Okay, I will be the first to admit there is a lot in the wide world that I do not understand. And even that statement is complicated because it is different from saying something like, “I don’t understand why a kazillion billion dollars is not enough for some people.” I totally get why they want a kazillion billion dollars – because for some people, all the money in the freaking world isn’t enough. What I DON’T get is why some people are built that way. And that’s a whole different level of non-understanding.
But here’s something I am having a comprehension problem with right at the moment – how come some people in our country are getting so rich when a bunch of others are staying poor? Why isn’t it the economy working for everybody, like, trickling down, or floating all boats, or whatever? I found an article that claims to simplify this question, but even it was too complicated for my tiny feeble brain to process. So I had to make it even MORE basic, just so I could get it. And here it is.
There’s this word: “stagpression”. It is a combo word of “stagnant” and “depression”. “Stagnant” is when nothing happens because the economy is just sort of sitting there. A “depression” is a sustained, long-term downturn in economic activity. So far, so good. We are definitely stagnant, and definitely in some kind of depression event, judging from a lot of people’s circumstances. Thus – “stagpression”. Got it.
How can this be happening, though? Housing is coming back, the job market is increasing slowly but steadily, corporate profits are at record highs, and the stock market is off the charts. So how come so many of us are still stuck in stagpression?
Well… THIS is why. There’s still a lot of unemployment, and stagnant wages haven’t shifted since Reagan was Prez. The middle class’s wealth is being methodically stripped away until the thinnest of shells remains. Massive student loan debt ties young people to servicing loans instead of buying houses, having families, and spending money on stuff, which puts those dollaroos back into circulation. All this leads to consumers with zero confidence in the future, at least as it seems likely to play out for them.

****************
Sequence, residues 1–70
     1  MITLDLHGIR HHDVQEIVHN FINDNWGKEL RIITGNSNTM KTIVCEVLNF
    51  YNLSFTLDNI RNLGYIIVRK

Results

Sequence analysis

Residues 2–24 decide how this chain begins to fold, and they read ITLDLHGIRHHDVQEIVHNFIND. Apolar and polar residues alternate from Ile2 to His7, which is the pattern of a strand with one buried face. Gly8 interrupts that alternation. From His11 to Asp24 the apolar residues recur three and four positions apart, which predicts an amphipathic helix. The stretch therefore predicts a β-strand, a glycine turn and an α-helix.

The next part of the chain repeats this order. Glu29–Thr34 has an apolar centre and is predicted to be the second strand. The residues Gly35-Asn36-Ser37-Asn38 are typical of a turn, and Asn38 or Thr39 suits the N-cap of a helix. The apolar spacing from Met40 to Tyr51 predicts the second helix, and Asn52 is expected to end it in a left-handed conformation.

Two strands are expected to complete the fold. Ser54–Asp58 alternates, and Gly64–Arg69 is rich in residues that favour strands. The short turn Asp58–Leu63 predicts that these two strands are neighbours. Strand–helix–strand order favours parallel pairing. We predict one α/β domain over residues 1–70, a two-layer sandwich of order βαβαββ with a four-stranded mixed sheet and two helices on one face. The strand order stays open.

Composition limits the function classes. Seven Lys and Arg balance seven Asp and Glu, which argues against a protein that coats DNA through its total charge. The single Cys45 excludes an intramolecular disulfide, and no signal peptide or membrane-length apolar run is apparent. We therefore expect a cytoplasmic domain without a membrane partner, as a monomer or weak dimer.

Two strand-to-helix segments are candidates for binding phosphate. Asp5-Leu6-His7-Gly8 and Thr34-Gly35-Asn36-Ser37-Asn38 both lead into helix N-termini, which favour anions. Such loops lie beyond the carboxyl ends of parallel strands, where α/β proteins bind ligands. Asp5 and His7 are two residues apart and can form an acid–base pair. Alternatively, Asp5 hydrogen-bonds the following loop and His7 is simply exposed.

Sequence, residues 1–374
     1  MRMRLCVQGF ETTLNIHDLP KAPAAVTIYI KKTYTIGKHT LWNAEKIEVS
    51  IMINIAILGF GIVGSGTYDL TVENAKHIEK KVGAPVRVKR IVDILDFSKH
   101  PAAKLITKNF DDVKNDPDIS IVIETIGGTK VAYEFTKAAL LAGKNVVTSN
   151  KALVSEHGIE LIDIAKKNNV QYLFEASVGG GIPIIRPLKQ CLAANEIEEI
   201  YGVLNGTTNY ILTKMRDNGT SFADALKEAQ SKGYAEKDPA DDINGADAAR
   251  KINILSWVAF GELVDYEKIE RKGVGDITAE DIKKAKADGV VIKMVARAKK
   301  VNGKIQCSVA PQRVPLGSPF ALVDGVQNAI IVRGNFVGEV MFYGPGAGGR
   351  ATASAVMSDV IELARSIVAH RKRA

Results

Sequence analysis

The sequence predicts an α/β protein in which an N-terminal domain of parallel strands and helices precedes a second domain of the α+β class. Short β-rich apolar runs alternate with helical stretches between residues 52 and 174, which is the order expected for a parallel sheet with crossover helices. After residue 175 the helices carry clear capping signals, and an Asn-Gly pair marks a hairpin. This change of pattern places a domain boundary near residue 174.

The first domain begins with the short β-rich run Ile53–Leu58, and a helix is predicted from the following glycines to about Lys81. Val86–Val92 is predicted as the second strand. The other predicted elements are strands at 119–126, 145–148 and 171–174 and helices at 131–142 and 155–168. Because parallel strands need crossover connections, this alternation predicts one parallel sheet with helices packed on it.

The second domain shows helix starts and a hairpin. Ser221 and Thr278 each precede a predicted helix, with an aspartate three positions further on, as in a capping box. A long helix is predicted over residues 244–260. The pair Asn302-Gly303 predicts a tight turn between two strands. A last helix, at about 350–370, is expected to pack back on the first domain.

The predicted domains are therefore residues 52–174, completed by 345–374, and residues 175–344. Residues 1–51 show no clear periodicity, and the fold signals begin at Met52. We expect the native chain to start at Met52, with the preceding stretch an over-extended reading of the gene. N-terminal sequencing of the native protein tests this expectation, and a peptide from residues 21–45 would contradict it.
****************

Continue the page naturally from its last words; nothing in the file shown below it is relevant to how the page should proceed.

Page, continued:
But on paper, the economy should be booming, right? Look at the profits! Look at the stock market! And it IS booming … for really, really rich people. They are doing GREAT. But the vast majority of Americans who AREN’T fabulously wealthy have been economically laying around like logs in the woods. Nothing changes, except for inexorable slow decay. No movement, unless something bad happens, and then it’s straight into poverty.
Why are we stuck here?
Observe: a chart that measures”free cash flow.” According to Investopedia, “free cash flow” is “measure of financial performance calculated as operating cash flow minus capital expenditures. Free cash flow (FCF) represents the cash that a company is able to generate after laying out the money required to maintain or expand its asset base.” Okay, I think I get this definition – free cash flow is the money that a business has AFTER it pays out all its expenses to maintain the business – like wages, raw materials, operating costs, etc.
Wow, look at that peak! Cash flow is at an all time high, right? Lots of dough to reinvest, make the business better, hire more workers!
Eek. But here’s what is happening instead …
What the hell is “non-residential fixed investment” anyway? In economic theory, non-residential fixed investment is “the amount purchased per unit time of goods which are not consumed but are to be used for future production (i.e. capital).” So,in other words, those high points in the chart represent money being plowed back into the economy. The low points are money stockpiled by businesses, or, the equivalent of being buried in a Folger’s can in some rich person’s yard. And don’t tell me, “Oh, it’s getting better!”, because even on an upward trend, it is STILL lower than it has ever been!